If there is one thing I’ve learned over the past 14 years, it’s that there are very few “new” prevention concepts. Many initiatives come and go, and then come back again. It’s sort of like fashion. I never thought those leggings I wore back in the 80’s would ever come back around, and yet here they are again. Prevention ideas that were part of the foundational work of the civil rights and feminist movements many decades ago have made a comeback.
At the National Sexual Assault Conference held in Baltimore last September, I had the great fortune of talking with some of the awesome and dynamic presenters about their unique approaches to the prevention of sexual violence. These discussions resulted in a video podcast series called Mapping Prevention. The next 5 blog posts will highlight these valuable conversations. Have you wondered what draws people to prevention work? What their vision is for preventing sexual violence? What new and creative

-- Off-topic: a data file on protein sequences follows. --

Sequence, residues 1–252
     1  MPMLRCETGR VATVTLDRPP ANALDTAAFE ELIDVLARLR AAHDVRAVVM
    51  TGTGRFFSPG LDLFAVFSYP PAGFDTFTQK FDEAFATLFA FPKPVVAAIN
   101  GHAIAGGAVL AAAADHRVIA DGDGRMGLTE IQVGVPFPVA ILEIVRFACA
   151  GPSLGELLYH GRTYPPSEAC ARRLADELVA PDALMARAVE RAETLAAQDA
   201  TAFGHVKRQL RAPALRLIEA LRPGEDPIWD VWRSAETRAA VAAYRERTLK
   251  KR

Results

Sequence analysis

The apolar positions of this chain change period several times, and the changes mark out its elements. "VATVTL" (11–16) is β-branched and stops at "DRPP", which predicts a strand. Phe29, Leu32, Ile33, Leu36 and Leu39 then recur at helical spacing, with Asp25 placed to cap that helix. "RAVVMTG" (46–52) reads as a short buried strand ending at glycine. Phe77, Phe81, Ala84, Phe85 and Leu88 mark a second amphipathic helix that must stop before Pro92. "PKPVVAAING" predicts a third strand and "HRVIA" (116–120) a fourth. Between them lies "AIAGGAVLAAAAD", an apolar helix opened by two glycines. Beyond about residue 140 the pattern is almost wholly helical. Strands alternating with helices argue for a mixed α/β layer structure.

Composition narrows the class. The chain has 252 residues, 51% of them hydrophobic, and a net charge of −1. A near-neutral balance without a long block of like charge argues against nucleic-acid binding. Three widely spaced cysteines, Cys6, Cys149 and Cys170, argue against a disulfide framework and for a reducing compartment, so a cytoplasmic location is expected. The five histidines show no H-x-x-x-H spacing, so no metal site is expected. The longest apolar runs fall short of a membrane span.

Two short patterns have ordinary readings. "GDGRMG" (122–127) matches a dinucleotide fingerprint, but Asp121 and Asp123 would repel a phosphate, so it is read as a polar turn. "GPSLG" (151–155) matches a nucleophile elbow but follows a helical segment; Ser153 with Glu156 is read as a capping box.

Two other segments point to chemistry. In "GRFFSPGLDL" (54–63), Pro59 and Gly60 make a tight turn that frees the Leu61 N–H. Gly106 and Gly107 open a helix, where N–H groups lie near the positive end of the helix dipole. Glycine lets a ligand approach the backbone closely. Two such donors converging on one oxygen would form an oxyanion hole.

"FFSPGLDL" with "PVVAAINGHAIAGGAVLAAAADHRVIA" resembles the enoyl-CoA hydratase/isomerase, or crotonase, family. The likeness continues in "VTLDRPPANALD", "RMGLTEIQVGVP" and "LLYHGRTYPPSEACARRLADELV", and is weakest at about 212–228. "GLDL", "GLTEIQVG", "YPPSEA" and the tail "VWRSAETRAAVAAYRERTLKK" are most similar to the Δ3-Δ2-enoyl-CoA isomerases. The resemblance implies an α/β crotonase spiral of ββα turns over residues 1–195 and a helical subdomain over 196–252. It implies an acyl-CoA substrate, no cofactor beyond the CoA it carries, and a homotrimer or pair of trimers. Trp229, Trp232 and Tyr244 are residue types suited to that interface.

What makes a prevention program successful? That’s the million dollar question, right? Some preventionists might think that if they just had more money, or if they had that one, perfect curriculum their program would be a success. Although beneficial, we know that money and a great curriculum alone do not a successful program make.
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